Guests who refused to leave inspired three decades of settlement

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The Independent Online

It began at Passover, 1968. A group of Israelis booked into a hotel in Hebron, where they planned to hold a Seder banquet. What neither the Palestinian innkeeper nor the Israeli military administration knew was that they meant to stay.

It began at Passover, 1968. A group of Israelis booked into a hotel in Hebron, where they planned to hold a Seder banquet. What neither the Palestinian innkeeper nor the Israeli military administration knew was that they meant to stay.

Led by Moshe Levinger, a visionary rabbi, they had come to re-establish a presence in a holy city from which Arab rioters had evicted a centuries-old Jewish community in 1929.

The guests refused to leave. Their tenacity paid.

First the government moved them into an army camp, then a new suburb above the town, then an enclave in the heart of the old city next to the Cave of the Patriarchs, revered by Jews and Muslims as the tomb of their common forefather, Abraham.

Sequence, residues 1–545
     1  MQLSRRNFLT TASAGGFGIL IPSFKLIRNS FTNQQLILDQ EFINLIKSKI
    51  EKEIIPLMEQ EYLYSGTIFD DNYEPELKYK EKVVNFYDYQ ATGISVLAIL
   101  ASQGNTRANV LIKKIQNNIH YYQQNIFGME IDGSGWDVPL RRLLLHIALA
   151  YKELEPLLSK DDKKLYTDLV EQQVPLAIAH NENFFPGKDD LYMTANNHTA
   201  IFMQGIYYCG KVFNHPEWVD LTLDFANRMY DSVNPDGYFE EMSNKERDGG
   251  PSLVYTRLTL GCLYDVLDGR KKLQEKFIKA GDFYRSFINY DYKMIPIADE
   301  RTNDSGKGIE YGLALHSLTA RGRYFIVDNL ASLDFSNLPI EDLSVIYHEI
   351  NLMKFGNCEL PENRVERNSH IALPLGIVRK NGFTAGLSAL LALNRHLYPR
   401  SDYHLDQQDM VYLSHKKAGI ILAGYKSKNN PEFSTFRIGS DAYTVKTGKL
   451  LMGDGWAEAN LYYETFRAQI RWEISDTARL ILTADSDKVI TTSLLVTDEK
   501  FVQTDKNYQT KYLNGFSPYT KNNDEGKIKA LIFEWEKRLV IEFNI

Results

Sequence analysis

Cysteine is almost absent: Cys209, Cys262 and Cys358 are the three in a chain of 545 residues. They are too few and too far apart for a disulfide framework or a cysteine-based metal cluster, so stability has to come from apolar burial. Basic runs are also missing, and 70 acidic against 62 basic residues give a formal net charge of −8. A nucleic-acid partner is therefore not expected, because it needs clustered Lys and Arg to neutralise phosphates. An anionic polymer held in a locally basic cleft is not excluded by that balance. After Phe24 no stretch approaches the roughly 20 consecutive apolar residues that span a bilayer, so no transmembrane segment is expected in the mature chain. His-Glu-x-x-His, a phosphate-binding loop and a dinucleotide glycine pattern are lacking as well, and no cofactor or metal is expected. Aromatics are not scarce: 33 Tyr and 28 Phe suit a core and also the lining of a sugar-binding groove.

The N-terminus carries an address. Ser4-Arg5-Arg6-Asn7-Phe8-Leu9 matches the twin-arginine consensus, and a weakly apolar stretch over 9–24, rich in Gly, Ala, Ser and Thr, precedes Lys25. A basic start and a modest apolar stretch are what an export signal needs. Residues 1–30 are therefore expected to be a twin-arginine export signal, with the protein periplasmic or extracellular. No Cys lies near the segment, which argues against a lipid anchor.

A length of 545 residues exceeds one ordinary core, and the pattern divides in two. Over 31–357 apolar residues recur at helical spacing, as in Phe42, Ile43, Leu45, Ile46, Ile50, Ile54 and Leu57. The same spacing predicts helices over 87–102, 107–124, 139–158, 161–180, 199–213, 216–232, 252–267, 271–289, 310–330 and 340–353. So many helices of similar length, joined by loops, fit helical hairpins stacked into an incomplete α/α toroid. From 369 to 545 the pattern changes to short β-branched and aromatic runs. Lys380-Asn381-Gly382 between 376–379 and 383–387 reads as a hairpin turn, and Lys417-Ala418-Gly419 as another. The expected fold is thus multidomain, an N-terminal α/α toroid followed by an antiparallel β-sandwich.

The story was repeated over the West Bank - and later the Gaza Strip - sometimes with official blessing, sometimes in defiance of governments. With a messianic passion, the settlers were "redeeming" the Promised Land. Their blend of faith and nationalism was hard to resist.

For the first decade, Labour administrations tried to sow the settlements along strategic frontiers away from Arab population centres. Menachem Begin's Likud government, elected in 1977, changed the priorities. Asked how he would like to be remembered, Begin replied: "As the man who set the borders of the Land of Israel for all time." With Ariel Sharon as his enthusiastic agent, he scattered settlements among Arab towns and villages along the spine of Palestine. By 1983, when Begin left office, the Jewish population across the pre-1967 border had grown to 40,000 in 117 communities. It is now 240,000 in 146.

Not all are "ideological" settlements. Israel augmented the expansion with new commuter towns, offering young families quality of life and cheap mortgages. Secular and ultra-Orthodox Jews took them up on it. They wouldn't want to leave, but wouldn't go to war for their homes.

A recent survey found that 90 per cent would not break the law if ordered to leave. Of these, 36 per cent would take compensation and go, 54 per cent would resist within legal boundaries, 10 per cent might break the law, with 1 per cent ready to use force against Israeli soldiers. The more radical settlers, in Hebron and elsewhere, have a record of violence against Arabs and fellow Jews.

In 1994 Baruch Goldstein, an American-born doctor, shot dead 29 Muslims at prayer in the Cave of the Patriarchs. His neighbours turned his grave into a shrine. They wouldn't leave quietly.

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